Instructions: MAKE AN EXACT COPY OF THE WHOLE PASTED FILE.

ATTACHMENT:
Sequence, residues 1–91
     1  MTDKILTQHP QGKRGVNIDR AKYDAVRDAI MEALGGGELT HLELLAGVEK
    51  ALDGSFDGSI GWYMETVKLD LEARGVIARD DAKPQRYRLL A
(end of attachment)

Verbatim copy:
Sequence, residues 1–91
     1  MTDKILTQHP QGKRGVNIDR AKYDAVRDAI MEALGGGELT HLELLAGVEK
    51  ALDGSFDGSI GWYMETVKLD LEARGVIARD DAKPQRYRLL A